O's could have edge if strike is settled soon

ORIOLES NOTEBOOK

March 11, 1995|By Peter Schmuck | Peter Schmuck,Sun Staff Writer

ST. PETERSBURG, Fla. -- The Orioles may have alienated opposing teams with their refusal to field a replacement team, but taking the moral high ground may also put the club in a better position to compete for the American League East title if the strike is settled soon.

In the best-case labor scenario, the collective bargaining dispute will be settled in the next 10 days, which would leave the owners to abandon the replacement scheme and substitute a new plan for opening the season with returning major-leaguers.

The most comparable situation would be the 1990 labor dispute, which was settled in mid-March. To make up a portion of lost training time, the owners delayed the start of the season and expanded rosters.

If that happened, the Orioles might be at a competitive advantage at the far end of the expanded roster, because they will have a pool of minor-league pitchers with a full spring of work, while many teams sent their best minor-leaguers home for refusing to be replacement players.

"I was talking to Roland [Hemond] about that the other day," manager Phil Regan. "I don't see [Mike] Mussina or [Ben] McDonald or Sid [Fernandez] going seven innings, so you're probably going to need some pitching. If they expand the rosters to 28, we could use as many four extra pitchers."

Though there are 38 rostered Orioles players sitting out spring training, that still could mean opportunity for some of the minor-league pitchers in the club's major-league camp. Right-handers Frank Seminara and Kevin McGehee threw five innings in yesterday's intrasquad game, which puts them way ahead of the curve at this point in spring training.

Nonroster position players -- such as shortstop Jeff Huson -- also may come out ahead, because they are getting far more playing time in the intrasquad setting than they would if the Orioles were playing a normal exhibition season with major-league players.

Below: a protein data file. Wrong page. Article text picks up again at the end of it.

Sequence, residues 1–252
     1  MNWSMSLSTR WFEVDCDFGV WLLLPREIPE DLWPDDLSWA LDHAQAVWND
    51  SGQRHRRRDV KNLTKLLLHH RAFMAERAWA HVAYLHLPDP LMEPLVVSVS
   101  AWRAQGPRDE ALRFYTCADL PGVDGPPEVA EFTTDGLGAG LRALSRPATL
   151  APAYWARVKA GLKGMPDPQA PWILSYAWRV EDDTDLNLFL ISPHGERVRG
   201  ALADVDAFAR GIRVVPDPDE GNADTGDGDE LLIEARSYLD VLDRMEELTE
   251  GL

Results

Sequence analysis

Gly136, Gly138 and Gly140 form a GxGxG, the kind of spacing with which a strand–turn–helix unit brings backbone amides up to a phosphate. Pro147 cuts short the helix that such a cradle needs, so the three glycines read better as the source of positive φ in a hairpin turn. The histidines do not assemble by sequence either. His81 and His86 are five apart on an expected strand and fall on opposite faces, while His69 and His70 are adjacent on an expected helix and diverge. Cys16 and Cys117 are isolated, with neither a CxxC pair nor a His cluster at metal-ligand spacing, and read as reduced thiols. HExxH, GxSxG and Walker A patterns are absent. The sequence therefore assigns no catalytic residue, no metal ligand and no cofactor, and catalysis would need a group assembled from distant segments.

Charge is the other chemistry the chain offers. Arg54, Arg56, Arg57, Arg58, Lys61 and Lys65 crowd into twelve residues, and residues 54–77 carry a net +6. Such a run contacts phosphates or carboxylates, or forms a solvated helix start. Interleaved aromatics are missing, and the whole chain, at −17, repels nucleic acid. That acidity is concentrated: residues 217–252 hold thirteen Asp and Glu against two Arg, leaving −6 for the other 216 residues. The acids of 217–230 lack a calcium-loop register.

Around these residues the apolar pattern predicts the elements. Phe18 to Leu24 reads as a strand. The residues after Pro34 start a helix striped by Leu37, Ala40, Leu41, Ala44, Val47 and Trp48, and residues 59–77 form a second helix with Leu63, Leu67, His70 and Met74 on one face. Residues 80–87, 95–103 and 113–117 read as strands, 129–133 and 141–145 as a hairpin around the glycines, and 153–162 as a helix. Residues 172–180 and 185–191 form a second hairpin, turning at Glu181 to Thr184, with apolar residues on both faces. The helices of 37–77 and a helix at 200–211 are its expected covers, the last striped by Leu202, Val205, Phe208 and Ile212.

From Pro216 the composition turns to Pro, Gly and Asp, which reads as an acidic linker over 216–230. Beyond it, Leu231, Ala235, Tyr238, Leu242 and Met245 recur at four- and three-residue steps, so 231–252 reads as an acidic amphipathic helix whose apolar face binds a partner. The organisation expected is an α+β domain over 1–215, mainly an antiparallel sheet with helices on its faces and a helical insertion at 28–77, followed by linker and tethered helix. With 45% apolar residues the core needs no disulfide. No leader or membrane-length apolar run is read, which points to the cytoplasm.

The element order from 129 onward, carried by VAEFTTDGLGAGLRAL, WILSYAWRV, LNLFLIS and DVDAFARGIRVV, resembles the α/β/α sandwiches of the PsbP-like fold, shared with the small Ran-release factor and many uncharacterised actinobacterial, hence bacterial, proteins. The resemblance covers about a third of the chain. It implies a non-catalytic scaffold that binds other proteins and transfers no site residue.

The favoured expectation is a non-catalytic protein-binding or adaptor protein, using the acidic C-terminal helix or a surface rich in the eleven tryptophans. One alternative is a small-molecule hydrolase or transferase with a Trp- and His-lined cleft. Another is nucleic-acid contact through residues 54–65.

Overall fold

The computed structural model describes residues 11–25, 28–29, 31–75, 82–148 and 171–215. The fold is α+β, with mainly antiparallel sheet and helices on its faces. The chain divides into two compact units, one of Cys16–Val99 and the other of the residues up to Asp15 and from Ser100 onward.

"The utility-type players usually get three or four innings in exhibition games," Regan said. "Jeff has about 30 at-bats. He might not have 30 at-bats all [exhibition] season, so these guys will be further ahead."

Of course, the advantage would be subtle, at best. Most of the extra players would come from the 15 rostered players who would be left over at the end of a normal spring training, but there probably will be a handful of nonroster players on each team's expanded roster.

Perhaps at first glance, it would appear that the advantage would go the other way, because clubs with replacement teams are playing outside competition under major-league conditions, but Regan isn't sure that players in that situation are in a better competitive situation.

"I don't think that will bother us," he said. "From what I understand, the competition may be better here. The only disadvantage we're going to have is, as a new manager with a new coaching staff we're putting in some new things -- like relays and bunt plays -- and we'll have only three weeks instead of six weeks."

If the major-leaguers return in mid-March, baseball likely would keep expanded rosters in effect for a month -- enough time to get major-league rotations into full-season shape. The 1990 lockout showed that position players can get ready in far less than the traditional six weeks of training camp, but pitchers need most of that time to work through a mid-spring "dead-arm" phase that saps their strength and command.

Orioles minor-leaguers are going through that now, but they'll have plenty of time to rebound before they might be needed. The only question is whether intrasquad innings are as valuable as innings pitched in an exhibition environment.

"It shouldn't make any difference," said bench coach Chuck Cottier. "You're in here to get your work in. You should take the same things to the mound no matter what.

"We try to tell them that no matter who is up, they're still trying to get a hit off you. But I guess it is a little harder to get up."

More games canceled

The American and National leagues released another list of exhibition cancellations yesterday, including all Orioles exhibitions from March 14 through March 29.

That was expected. The first two weeks of the Orioles schedule was canceled after owner Peter Angelos notified opposing teams that his team would not participate in any game in which replacement players were used by the opposition.

There still are three games on the Orioles' spring schedule -- March 30 vs. Toronto, April 1 vs. Philadelphia and April 2 vs. Colorado -- but they also will be canceled if the labor dispute is not resolved.

The games have been canceled in phases, perhaps because there was some hope that a labor settlement would be reached in time to save the final two weeks of play. Now, there is little hope that any of the regularly scheduled exhibition games will be played with major-league players.

Seminara bruised

Seminara underwent X-rays on his pitching hand after he was hit on the right little finger by a come-backer in yesterday's intrasquad game. He instinctively reached out for the ball and suffered a painful bruise, but no fracture was found.

Noboa reports

Utility man Junior Noboa reported to camp yesterday after missing three weeks because of visa problems in the Dominican Republic, but still got a hit in three at-bats in the intrasquad game.

"He's in pretty good shape," Regan said. "He's been working out and playing winter ball. You could see that by the contact he made."

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